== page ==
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F 16.460 n1 Concealed Firearm: Grave Danger As Justification (PC 12025, PC 12025.5 & PC 12031).
A person may justifiably carry a concealed (PC 12025) or a loaded (PC 12031) firearm if the person “reasonably believes that he or she is in grave danger because of circumstances forming the basis of a current restraining order issued by a court against another person or persons who have been found to pose a threat to his or her life or safety.” This justification applies to PC 12025 through PC 12025.5. It applies to PC 12031 pursuant to subsection (j) of that statute. The statutes specifically require that the jury “shall determine whether the defendant was acting out of a reasonable belief that he or she was in grave danger.”
The statutes do not define the term “grave danger.” However, because the legislature did not use the same terminology utilized in the self-defense statutes, i.e., “imminent peril of death or great bodily injury” (see, e.g., PC 198.5 and PC 197) there is a basis for concluding that the legislature intended the term “grave” to provide a different standard than that utilized in the other self-defense statutes. (See Bunner v. Imperial Ins. Co. (86) 181 CA3d 14, 22 [225 CR 912] [“Where a statute, with reference to one subject contains a given provision, the omission of such provision from a similar statute concerning a related subject … is significant to show that a different intention existed.” [Citations.] [Internal quotation marks omitted.].)
For example, it could be argued that “grave danger” applies to non-life threatening or great bodily harm. This is so since the weapon statutes deal with possession, not use. In other words, why does one need to fear serious harm, as distinguished from harm in general, in order to carry a weapon? Moreover, such an interpretation is consistent with the requirement that the prospective attacker “pose a threat to [the defendant’s] life or safety.” Certainly threats do not need to rise to the level of great bodily injury to jeopardize one’s “safety.”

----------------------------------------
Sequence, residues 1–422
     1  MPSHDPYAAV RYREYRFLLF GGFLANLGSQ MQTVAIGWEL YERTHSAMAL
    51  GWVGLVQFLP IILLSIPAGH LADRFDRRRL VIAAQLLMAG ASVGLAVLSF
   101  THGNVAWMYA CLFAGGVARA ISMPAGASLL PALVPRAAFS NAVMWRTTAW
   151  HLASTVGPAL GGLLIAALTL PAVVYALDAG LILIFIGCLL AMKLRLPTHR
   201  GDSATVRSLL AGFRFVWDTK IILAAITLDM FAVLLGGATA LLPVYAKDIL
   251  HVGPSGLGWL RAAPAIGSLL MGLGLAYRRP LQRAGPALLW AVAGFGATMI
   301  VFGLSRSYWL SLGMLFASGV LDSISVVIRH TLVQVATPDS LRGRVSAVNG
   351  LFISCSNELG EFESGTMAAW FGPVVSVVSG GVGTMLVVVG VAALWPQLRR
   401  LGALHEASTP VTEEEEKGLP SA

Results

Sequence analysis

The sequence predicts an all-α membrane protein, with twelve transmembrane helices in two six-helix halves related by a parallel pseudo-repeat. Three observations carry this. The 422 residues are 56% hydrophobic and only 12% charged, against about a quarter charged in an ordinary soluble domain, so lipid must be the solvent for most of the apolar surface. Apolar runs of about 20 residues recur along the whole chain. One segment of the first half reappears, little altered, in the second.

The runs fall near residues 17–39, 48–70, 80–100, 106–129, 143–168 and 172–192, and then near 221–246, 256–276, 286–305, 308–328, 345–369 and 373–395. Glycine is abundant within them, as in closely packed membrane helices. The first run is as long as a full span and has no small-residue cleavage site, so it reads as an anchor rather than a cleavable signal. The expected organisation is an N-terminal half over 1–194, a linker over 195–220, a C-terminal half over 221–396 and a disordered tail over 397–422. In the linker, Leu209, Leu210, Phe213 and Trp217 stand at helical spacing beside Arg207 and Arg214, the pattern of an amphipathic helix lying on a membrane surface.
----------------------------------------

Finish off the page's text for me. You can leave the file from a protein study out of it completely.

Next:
It should also be noted that the new legislation contains no requirement that the danger be “imminent.” Nor is imminent reasonably contained within the definition of grave. Moreover, given the fact that the justification applies to the carrying of a firearm in preparation for some future danger, the lack of an imminent requirement is fully consistent with the legislative intent.
(See also FORECITE F 12.46 n1 re: loaded weapon per PC 12031.)
F 16.460 n2 Definition of Loaded Firearm.
[See FORECITE F 12.46 n4.]
F 16.460 n3 Ex-felon: Carrying Firearm — Applicability Of “Momentary Possession” Principles.
[See FORECITE F 12.46 n5.]
Carrying Of Firearm By Ex-felon: Unintentional Possession
*Re: CJ 16.460:
(See FORECITE F 12.46a.)